A sprain is a stretch and/or tear of a ligament (a band of fibrous tissue that connects two or more bones at a joint).
One or more ligaments can be injured at the same time. The severity of the injury will depend on the extent of injury (whether a tear is partial or complete) and the number of ligaments involved. Sprains are classified as Grade I, Grade II, or Grade III.
What Causes a Sprain?
A sprain can result from a fall, a sudden twist, or a blow to the body that forces a joint out of its normal position and stretches or tears the ligament supporting that joint. Typically, sprains occur when people fall and land on an outstretched arm, slide into a baseball base, land on the side of their foot, or twist a knee with the foot planted firmly on the ground.
Where Do Sprains Usually Occur?
Although sprains can occur in both the upper and lower parts of the body, the most common site is the ankle.
More than 25,000 individuals sprain an ankle each day in the United States.
The ankle joint is supported by several lateral (outside) ligaments and medial (inside) ligaments. Most ankle sprains happen when the foot turns inward as a person runs, turns, falls, or lands on the ankle after a jump. This type of sprain is called an inversion injury.
The knee is another common site for a sprain. A blow to the knee or a fall is often the cause; sudden twisting can also result in a sprain. The collateral ligaments are damaged.
Sprains frequently occur at the wrist, typically when people fall and land on an outstretched hand.
A sprain to the thumb is common in skiing and other sports. This injury often occurs when a ligament near the base of the thumb (the ulnar collateral ligament of the metacarpophalangeal joint) is torn.
What Are the Signs and Symptoms of a Sprain?
- loss of the ability to move and use the joint (called functional ability).
These signs and symptoms can vary in intensity, depending on the severity of the sprain. Sometimes people feel a pop or tear when the injury happens.
Doctors closely observe an injured site and ask questions to obtain information to diagnose the severity of a sprain.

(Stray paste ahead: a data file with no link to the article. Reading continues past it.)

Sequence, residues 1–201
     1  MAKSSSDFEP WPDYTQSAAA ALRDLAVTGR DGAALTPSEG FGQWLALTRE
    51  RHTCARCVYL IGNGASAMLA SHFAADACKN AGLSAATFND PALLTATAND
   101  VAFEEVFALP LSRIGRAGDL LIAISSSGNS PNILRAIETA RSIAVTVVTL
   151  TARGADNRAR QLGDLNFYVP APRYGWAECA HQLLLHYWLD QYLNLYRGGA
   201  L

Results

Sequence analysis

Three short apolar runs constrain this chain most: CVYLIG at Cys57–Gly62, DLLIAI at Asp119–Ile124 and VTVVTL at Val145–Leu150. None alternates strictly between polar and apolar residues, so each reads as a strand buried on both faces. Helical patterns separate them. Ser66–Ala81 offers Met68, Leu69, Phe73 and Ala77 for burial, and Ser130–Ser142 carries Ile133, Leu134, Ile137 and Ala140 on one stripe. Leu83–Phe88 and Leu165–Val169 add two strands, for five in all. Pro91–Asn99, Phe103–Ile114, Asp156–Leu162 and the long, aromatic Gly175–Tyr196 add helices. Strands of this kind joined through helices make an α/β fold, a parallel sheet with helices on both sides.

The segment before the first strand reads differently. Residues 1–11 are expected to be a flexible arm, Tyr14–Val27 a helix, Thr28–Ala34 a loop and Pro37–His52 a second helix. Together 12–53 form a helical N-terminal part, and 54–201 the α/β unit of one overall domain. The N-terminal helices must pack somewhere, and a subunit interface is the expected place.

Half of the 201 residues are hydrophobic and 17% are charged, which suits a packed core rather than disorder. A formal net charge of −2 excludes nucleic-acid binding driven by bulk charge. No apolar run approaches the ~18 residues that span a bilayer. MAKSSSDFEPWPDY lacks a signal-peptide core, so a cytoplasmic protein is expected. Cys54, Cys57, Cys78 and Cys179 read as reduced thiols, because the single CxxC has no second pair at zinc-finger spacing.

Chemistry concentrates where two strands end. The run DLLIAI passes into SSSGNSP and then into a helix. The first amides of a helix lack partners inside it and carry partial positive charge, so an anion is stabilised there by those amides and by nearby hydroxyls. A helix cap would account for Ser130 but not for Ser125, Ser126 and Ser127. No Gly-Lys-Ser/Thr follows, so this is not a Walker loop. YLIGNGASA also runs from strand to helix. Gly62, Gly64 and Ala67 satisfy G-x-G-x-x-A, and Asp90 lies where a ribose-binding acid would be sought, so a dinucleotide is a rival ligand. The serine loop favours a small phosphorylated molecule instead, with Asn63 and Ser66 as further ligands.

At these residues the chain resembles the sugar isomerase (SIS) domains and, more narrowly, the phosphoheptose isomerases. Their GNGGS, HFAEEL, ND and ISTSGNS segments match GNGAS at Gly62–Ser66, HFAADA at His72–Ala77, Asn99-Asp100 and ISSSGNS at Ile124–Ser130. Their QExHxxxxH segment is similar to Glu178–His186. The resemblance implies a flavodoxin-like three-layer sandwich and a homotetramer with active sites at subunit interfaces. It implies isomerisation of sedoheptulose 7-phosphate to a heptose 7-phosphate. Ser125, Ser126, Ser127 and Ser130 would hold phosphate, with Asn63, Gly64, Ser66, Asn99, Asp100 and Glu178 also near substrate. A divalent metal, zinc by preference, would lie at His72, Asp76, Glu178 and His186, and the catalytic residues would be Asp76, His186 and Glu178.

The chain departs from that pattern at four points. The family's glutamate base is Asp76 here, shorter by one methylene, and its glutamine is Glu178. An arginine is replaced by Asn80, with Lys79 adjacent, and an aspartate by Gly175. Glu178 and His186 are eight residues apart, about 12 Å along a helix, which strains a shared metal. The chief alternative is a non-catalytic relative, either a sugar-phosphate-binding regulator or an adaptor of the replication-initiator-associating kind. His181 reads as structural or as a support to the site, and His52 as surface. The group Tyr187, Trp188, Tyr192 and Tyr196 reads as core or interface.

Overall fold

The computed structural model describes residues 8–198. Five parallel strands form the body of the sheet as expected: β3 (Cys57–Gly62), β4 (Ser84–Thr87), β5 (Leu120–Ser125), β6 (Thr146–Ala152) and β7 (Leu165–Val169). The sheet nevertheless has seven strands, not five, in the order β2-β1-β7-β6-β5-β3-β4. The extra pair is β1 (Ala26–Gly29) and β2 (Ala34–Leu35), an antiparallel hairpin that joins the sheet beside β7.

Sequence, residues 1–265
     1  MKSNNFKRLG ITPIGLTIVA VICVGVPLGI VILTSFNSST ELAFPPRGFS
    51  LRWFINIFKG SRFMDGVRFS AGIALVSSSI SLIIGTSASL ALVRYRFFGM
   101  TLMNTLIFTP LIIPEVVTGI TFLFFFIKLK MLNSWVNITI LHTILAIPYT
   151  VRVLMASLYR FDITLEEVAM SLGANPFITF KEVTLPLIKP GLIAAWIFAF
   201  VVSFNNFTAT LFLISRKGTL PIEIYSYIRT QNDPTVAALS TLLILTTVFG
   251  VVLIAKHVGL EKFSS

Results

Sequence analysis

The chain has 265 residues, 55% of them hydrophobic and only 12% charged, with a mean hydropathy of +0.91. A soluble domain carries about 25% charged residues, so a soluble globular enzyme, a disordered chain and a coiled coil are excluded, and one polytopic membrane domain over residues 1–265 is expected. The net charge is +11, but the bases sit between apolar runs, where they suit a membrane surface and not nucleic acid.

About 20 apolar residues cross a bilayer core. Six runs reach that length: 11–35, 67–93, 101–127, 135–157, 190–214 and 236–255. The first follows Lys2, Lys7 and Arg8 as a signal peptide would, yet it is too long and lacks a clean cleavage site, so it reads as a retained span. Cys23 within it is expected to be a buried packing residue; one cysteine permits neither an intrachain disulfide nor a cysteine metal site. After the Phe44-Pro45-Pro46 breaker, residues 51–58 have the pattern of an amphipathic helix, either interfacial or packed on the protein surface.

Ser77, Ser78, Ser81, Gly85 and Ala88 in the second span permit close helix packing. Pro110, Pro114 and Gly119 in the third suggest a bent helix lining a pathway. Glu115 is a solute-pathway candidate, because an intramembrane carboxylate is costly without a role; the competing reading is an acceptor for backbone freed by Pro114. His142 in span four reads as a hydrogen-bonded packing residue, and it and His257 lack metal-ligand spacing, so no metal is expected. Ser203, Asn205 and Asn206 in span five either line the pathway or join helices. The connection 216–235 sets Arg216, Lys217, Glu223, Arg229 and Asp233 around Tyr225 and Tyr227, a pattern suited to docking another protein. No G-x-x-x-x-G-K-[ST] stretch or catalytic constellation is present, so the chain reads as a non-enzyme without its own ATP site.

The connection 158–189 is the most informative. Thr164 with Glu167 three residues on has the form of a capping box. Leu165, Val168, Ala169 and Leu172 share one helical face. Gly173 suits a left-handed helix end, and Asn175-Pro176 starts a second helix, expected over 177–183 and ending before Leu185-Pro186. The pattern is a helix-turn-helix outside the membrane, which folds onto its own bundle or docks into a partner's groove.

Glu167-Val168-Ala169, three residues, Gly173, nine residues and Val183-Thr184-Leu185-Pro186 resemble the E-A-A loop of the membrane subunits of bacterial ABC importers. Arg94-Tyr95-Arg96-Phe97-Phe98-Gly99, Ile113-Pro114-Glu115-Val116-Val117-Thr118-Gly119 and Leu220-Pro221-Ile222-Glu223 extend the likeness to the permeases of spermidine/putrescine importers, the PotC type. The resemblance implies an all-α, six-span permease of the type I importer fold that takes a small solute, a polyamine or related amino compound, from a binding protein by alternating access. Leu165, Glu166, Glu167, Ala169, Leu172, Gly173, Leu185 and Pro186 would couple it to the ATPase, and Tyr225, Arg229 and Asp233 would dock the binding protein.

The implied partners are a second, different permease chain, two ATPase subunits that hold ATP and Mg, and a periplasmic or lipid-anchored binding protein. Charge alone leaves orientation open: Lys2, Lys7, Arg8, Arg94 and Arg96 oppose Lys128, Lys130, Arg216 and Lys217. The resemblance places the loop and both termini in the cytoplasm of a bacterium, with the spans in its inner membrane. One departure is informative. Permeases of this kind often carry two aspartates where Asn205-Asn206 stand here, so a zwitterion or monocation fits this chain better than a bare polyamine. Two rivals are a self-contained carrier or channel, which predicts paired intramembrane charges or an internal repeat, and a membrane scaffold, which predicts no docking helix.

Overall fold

Sprains: Grade I, Grade II, and Grade III
A mild sprain is caused by overstretching or slight tearing of the ligaments with no joint instability. A person with a mild sprain usually experiences minimal pain, swelling, and little or no loss of functional ability. Bruising is absent or slight, and the person is usually able to put weight on the affected joint.
A moderate sprain is caused by further, but still incomplete, tearing of the ligament and is characterized by bruising, moderate pain, and swelling. A person with a moderate sprain usually has more difficulty putting weight on the affected joint and experiences some loss of function. An x ray may be needed to help the health care provider determine if a fracture is causing the pain and swelling. Magnetic resonance imaging is occasionally used to help differentiate between a significant partial injury and a complete tear in a ligament, or can be recommended to rule out other injuries.
A severe sprain completely tear or rupture a ligament. Pain, swelling, and bruising are usually severe, and the patient is unable to put weight on the joint. An x ray is usually taken to rule out a broken bone. When diagnosing any sprain, the health care provider will ask the patient to explain how the injury happened. He or she will examine the affected area and check its stability and its ability to move and bear weight.
When to See a Health Care Provider for a Sprain
- You have severe pain and cannot put any weight on the injured joint
- The injured area looks crooked or has lumps and bumps (other than swelling) that you do not see on the uninjured joint
- You cannot move the injured joint
- You cannot walk more than four steps without significant pain
- Your limb buckles or gives way when you try to use the joint
- You have numbness in any part of the injured area
- You see redness or red streaks spreading out from the injury
- You injure an area that has been injured several times before
- You have pain, swelling, or redness over a bony part of your foot
- You are in doubt about the seriousness of the injury or how to care for it
Massage Therapy For Sprains
Massage can be done for Grade I and Grade II sprains, once the swelling has gone down. There is a three day waiting period post injury, to give the body time to rest and recover before therapy begins. Muscles and tissue around the injury site can be massaged to reduce tension and pain, encourage circulation and restore proper function. Swelling can be reduced with a technique called Manual Lymphatic Drainage.
Follow the RICE Protocol:
- Rest the injured area
- Ice packs can be applied for 15 minutes at a time to reduce swelling and encourage the healing process
- Compress the area to help control the swelling, wrap with an ace bandage, not too tight, not too loose
- Elevate the area; higher than your heart if possible; ex., wrist on a pillow, ankle or knee on a recliner, etc.
Sprains can take a couple weeks to a few months to heal, depending on the severity of the injury.
Regular massage definitely helps the healing process.
Call Woodstown Massage Boutique to learn more about it, 856-769-1373.